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A Charming Renovation

Denver interior designer Amy Corrigan shows what it takes to turn an empty box into a modern family cottage



Emily Minton Redfield

When interior designer Amy Corrigan spotted a charming little cottage on a grand lot in Denver’s stately Cherry Hills neighborhood, she knew she had to have it. But upon closer inspection—specifically, stepping through the front door—she discovered that she couldn’t judge this book by its cover. “It was a little 1930s cottage, with nothing on the inside except a lot of exposed brick, a bad addition and a small kitchen,” says Corrigan, who, with her husband, decided to make the move from Washington, D.C. back to her hometown of Denver to start a family. “We wanted to bring the home up to par with the rest of neighborhood; to bring it back to its historic look with classic moldings and fill it with pieces I’ve been collecting since college.”

And so they hired architect Steve Barsch and embarked on a year-long renovation, gutting the interior and creating large, open spaces that work for a young, modern family. “This project was great because we started with a clean state,” Corrigan explains. “We had an empty box, nothing to lead the design, and were able to start fresh.” And while she loves finding furnishings and collecting antiques and pottery, Corrigan admits that her first passion is trim work, moldings and hardware. “I think before you can fill the home with treasures, you have to start with the architecture.”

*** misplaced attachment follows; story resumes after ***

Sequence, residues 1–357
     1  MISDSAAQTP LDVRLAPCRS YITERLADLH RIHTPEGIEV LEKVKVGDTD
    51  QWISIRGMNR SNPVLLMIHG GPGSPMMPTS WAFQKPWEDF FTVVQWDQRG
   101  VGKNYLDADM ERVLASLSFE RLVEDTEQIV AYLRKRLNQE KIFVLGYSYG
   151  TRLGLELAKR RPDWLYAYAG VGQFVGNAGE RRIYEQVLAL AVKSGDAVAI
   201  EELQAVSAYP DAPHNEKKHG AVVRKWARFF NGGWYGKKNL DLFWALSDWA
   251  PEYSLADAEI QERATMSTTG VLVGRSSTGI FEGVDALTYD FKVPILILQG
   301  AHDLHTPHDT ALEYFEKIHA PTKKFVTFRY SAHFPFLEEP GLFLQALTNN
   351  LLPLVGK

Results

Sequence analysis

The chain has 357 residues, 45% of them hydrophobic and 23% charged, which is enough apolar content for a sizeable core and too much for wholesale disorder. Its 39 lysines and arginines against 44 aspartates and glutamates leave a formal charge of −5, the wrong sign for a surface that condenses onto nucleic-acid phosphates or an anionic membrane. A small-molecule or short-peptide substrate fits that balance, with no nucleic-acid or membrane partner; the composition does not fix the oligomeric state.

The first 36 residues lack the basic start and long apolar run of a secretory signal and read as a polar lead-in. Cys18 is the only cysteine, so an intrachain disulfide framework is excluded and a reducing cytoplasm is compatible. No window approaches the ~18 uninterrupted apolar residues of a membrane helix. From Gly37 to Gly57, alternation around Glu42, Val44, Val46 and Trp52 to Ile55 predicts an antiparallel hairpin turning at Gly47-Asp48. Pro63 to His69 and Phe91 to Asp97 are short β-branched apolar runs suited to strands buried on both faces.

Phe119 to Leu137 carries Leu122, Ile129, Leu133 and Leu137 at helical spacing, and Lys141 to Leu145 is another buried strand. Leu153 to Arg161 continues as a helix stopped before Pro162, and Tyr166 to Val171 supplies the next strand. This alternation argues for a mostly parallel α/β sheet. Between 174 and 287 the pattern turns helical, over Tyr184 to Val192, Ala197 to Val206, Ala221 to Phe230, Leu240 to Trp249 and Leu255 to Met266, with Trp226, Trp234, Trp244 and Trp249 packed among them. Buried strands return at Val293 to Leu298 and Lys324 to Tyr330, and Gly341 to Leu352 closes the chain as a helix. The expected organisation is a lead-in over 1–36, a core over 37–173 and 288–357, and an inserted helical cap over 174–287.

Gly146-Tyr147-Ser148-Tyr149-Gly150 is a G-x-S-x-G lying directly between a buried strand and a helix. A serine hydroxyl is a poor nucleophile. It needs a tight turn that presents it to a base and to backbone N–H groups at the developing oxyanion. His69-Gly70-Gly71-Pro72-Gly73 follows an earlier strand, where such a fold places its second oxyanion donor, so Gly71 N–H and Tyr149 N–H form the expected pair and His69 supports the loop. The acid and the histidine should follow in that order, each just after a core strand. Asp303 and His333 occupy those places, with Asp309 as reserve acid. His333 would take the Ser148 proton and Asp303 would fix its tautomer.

The formal living room’s fireplace is the only link to the original home. Quiet furnishings and an abundance of natural light make for a restful space.

Vintage wicker bar stools are just one of the many finds that homeowner, interior designer and enthusiastic collector Amy Corrigan used to decorate her renovated home. “I think they’re fun and unexpected against the dark kitchen cabinetry.”

The family room features a cozy sectional perfect for watching television or reading to children.

Gold touches add glamour to the formal dining room, highlighted by one of Corrigan’s favorite finds: an antique James Mont console and mirror. Simple slipcovers lighten up the dark table.

The casual dining area is separated from Corrigan’s home office by Aspen Leaf Kitchens custom cabinetry.

The new master bedroom is a tribute to the designer’s talent for mixing old with new, high with low.

Not your average nursery, the fanciful room is filled with a delightful combination of found objects and designer pieces. One bold wall is upholstered in a Brunschwig & Fils original pattern, Les Touches; the antique zebra rug was purchased in Africa.

Pops of pick add a playful tone to a comfortable guest room.

Design Details

Interior Design
Amy Corrigan, Corrigan Interiors
amy@corrigan.com

Architecture
Steve Barsch, Barsch Design
barschdesign.com
 

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